Men with breast cancer are more likely to have lower overall survival rates than their female counterparts, a study said.
"The persistent disparity, derived from an analysis of data from the National Cancer Database, suggests a possible distinct cancer biology, less effective treatment or compliance issues, and perhaps unhealthy lifestyles among men may be responsible for the lower overall survival rates," said the study's senior author Xiao-Ou Shu from the Vanderbilt University in the US.
The five-year mortality rate for men was 19 per cent higher than women, according to the research published in the journal JAMA Oncology.
The study used 11 years of registry data from January 1, 2004, to December 31, 2014, which included 1.8 million female and 16,025 male patients.
About 85 per cent of male breast cancer is Estrogen receptor (ER)-positive, a proportion that is higher than female breast cancer patients (75 per cent).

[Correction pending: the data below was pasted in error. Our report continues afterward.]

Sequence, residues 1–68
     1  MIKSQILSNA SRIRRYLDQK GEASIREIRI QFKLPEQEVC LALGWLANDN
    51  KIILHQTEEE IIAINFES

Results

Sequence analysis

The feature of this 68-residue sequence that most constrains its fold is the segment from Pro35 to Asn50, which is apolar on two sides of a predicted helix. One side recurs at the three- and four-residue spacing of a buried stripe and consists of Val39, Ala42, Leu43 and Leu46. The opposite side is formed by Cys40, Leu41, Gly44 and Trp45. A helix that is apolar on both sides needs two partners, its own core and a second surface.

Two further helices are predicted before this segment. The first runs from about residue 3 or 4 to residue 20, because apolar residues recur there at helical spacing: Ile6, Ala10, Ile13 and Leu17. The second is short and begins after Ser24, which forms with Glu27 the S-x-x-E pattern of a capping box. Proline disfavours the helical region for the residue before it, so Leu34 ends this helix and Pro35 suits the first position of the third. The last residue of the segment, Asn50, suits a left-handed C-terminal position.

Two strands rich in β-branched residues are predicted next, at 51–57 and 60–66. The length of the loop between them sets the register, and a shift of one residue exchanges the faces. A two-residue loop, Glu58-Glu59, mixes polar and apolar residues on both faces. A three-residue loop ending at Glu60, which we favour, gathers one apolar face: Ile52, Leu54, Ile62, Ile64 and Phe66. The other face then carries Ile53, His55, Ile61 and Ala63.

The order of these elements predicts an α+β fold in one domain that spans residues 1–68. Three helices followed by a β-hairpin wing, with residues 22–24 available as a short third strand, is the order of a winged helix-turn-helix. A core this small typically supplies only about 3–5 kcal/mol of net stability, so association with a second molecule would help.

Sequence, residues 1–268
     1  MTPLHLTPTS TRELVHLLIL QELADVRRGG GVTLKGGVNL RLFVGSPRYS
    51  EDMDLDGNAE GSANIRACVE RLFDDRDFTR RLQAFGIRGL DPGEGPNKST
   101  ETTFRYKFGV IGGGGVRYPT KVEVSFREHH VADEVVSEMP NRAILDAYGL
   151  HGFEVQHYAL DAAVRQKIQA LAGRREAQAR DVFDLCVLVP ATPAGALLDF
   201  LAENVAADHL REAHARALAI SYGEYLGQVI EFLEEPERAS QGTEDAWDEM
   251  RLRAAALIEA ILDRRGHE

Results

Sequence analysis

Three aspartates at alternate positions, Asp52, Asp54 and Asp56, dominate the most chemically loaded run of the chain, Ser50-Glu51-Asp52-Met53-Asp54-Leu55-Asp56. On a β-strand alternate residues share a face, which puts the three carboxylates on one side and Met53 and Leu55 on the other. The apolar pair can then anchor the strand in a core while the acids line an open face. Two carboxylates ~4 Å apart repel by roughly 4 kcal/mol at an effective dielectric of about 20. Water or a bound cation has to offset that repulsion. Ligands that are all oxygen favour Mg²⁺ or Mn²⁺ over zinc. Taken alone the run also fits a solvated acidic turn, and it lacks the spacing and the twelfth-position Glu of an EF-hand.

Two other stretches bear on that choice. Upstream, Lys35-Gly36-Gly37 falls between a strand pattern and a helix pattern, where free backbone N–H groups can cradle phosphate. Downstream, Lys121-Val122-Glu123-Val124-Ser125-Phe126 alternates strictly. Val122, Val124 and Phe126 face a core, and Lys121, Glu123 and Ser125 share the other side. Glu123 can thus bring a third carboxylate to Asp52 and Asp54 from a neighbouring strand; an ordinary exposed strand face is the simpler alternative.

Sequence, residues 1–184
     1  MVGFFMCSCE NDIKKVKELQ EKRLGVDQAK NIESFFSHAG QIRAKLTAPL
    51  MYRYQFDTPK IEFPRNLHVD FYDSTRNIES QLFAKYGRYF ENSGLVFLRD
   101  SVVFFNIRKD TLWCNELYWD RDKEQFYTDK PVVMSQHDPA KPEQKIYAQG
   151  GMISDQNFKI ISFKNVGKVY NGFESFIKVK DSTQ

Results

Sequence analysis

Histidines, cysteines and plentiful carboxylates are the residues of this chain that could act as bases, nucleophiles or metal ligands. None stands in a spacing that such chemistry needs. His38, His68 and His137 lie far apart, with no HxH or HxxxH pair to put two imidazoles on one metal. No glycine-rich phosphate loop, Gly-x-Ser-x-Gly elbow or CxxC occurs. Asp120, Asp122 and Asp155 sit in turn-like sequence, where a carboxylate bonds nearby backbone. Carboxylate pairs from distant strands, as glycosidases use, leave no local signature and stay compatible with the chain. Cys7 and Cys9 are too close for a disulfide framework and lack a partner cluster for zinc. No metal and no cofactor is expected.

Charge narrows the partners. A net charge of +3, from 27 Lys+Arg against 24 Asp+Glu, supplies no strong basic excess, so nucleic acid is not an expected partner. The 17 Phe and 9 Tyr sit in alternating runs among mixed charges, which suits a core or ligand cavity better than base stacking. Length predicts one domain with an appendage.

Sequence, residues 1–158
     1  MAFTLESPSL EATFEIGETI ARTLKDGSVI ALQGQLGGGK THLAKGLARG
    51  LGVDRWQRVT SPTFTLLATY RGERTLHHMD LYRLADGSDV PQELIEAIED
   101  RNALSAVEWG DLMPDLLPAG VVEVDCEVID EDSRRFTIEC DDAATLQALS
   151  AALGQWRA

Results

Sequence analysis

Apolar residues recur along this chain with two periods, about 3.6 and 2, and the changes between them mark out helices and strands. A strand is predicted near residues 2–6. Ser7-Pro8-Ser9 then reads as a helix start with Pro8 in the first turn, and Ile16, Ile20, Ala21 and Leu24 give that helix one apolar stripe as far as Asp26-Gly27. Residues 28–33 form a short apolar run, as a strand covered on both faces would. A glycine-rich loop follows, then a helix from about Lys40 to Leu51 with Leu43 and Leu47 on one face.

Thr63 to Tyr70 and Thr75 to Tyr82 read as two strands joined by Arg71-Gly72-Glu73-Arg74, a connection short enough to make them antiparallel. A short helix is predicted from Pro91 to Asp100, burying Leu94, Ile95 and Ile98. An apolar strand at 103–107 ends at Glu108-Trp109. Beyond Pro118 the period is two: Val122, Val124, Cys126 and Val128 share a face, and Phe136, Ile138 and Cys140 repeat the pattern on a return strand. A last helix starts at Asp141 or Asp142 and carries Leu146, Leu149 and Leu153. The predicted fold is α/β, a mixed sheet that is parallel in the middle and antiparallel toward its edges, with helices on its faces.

"That is a cancer type where patients usually fare better because we have a hormonal treatment.
"We have a lot of treatment options for that type of breast cancer. In theory, men should have better outcomes and have lower mortality as women do if the treatment is equally effective," Shu said.
According to the researchers, previous studies have shown that men might not be as compliant with hormonal treatments as women.
Other factors that might influence mortality rates among men could be lifestyle factors, such as smoking, alcohol consumption, physical inactivity and obesity.
Clinical characteristics and under treatments were associated with 63 per cent of the sex-related mortality disparity.
"The bottom line is that we need more studies specifically focused on male breast cancer," Shu added.